linguistic analysis, transfer, generation and speech synthesis.
When making projections of error rates for systems of this kind, it is
natural to assume that the error rates for the individual components
are independent, making the system accuracy the product of the component
The paper reports experiments carried out using the SRI-SICSTelia
Research Spoken Language Translator and a 1000-utterance sample
of unseen data. The results suggest that the naive performance
model leads to serious overestimates of system error rates, since there
are in fact strong dependencies between the components. Predicting
Language Identification Incorporating Lexical Information
- D. Matrouf,M. Adda-decker,L. F. Lamel,J. L. Gauvain
In this paper we explore the use of lexical information
for language identification (LID). Our reference LID system
uses language-dependent acoustic phone models and
phone-based bigram language models. For each language,
lexical information is introduced by augmenting the phone
vocabulary with the N most frequent words in the training
data. Combined phone and word bigram models are used
to provide linguistic constraints during acoustic decoding.
Experiments were carried out on a 4-language telephone
speech corpus. Using lexical information achieves a relative
error reduction of about 20% on spontaneous and read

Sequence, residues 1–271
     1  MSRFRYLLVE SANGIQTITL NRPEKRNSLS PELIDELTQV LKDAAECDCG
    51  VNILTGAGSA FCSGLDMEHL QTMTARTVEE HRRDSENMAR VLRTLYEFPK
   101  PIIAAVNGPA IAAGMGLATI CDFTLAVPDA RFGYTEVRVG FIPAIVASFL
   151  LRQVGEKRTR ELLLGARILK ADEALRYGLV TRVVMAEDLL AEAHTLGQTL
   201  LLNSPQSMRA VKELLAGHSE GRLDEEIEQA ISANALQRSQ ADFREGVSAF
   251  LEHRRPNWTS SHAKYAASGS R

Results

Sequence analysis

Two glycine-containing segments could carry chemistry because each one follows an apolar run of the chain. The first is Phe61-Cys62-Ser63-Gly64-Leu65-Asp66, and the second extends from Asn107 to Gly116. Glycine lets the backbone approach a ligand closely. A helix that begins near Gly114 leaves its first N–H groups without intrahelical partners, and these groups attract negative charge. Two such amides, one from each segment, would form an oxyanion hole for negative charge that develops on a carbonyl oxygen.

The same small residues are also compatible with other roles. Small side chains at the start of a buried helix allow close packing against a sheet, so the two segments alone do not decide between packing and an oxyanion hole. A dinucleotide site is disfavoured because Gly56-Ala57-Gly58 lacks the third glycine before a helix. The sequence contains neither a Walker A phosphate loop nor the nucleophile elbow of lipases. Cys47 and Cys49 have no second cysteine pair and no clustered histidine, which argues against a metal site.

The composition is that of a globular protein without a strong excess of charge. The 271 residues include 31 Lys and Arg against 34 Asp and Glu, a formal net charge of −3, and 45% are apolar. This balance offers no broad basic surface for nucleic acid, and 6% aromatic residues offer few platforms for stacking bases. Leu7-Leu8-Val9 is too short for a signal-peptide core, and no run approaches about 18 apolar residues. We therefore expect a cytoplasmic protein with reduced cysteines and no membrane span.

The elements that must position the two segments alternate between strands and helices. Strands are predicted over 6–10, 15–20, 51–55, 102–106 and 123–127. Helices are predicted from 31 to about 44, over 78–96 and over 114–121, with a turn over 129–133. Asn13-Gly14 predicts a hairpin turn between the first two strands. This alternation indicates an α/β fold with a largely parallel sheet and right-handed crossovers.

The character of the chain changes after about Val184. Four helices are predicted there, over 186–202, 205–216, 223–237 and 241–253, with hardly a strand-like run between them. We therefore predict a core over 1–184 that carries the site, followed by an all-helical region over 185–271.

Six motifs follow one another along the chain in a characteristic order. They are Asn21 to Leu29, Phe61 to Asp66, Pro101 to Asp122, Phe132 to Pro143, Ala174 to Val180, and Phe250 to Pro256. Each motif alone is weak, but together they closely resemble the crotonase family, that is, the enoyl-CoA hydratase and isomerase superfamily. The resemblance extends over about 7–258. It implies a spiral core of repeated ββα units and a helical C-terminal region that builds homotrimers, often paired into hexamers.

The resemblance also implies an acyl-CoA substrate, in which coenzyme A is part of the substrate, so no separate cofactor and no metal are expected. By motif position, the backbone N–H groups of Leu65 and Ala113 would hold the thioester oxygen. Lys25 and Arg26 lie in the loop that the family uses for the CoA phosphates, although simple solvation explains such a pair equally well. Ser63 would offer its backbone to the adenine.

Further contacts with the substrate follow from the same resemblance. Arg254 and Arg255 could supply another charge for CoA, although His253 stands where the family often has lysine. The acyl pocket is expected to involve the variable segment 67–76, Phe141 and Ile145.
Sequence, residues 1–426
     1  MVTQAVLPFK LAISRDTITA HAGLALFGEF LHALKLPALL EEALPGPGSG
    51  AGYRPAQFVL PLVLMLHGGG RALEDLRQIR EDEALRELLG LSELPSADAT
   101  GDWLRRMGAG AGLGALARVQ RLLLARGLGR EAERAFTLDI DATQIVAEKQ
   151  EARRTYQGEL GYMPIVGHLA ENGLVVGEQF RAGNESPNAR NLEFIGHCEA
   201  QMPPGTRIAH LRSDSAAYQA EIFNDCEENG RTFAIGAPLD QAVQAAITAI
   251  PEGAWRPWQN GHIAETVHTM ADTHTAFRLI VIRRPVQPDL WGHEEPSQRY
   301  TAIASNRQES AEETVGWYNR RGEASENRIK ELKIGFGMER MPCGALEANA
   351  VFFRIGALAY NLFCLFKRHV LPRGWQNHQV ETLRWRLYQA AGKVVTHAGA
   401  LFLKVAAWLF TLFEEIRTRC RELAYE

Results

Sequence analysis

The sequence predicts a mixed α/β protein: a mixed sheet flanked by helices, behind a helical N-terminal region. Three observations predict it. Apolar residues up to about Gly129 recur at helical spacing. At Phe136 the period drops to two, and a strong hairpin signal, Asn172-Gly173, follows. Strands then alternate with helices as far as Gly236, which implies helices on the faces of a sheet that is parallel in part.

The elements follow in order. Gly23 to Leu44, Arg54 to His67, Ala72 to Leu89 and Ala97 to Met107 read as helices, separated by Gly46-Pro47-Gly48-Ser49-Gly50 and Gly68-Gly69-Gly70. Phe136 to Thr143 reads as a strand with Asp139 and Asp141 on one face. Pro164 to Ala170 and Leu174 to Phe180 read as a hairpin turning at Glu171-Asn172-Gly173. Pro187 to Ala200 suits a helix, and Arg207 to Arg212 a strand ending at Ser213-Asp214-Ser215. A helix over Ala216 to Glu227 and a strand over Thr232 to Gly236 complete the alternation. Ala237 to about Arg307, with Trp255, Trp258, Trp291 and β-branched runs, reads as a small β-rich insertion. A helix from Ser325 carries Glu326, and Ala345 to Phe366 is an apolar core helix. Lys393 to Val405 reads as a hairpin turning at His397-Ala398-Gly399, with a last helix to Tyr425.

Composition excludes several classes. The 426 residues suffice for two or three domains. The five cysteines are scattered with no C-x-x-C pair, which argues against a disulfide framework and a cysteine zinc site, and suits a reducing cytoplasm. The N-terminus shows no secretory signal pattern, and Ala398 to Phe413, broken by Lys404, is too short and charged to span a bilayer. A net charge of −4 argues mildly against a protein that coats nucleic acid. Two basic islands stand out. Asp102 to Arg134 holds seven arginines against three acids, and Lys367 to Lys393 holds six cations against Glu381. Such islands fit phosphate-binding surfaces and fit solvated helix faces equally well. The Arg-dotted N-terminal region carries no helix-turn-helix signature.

speech compared to the reference phone-based system.
Identification rates of 92%, 96% and 99% are achieved
for spontaneous, read and task-specific speech segments...
Lexical Attraction Models of Language
- Deniz Yuret
Abstract ID: A229
This paper presents lexical attraction models of language,
in which the only explicitly represented linguistic
knowledge is the likelihood of pairwise relations between
words. This is in contrast with models that represent
linguistic knowledge in terms of a lexicon, which
assigns categories to each word, and a grammar, which
expresses possible combinations in terms of these categories.
The word-based nature and the simplicity of
lexical attraction models make them good candidates
for experiments in language learning. I introduce an
unsupervised learning algorithm that uses lexical attraction
and gives accuracy results comparable to supervised
Content Areas: Natural Language Processing #
Techniques or Algorithms # statistical or corpus based
methods, Machine Learning and Discovery...
Statistical Language Modeling For Speech Disfluencies
- Andreas Stolcke,Elizabeth Shriberg
Speech disfluencies (such as filled pauses, repetitions, restarts) are
among the characteristics distinguishing spontaneous speech from
planned or read speech. We introduce a language model that predicts
disfluencies probabilistically and uses anedited,fluent context
to predict following words. The model is based on a generalization
of the standard N-gram languagemodel. It uses dynamic programming
to compute the probability of a word sequence, taking into
account possible hidden disfluency events. We analyze the model
's performance for various disfluency types on the Switchboard
corpus. We find that the model reduces word perplexity in the
neighborhood of disfluency events; however, overall differences
are small and have no significant impact on recognition accuracy.
We also note...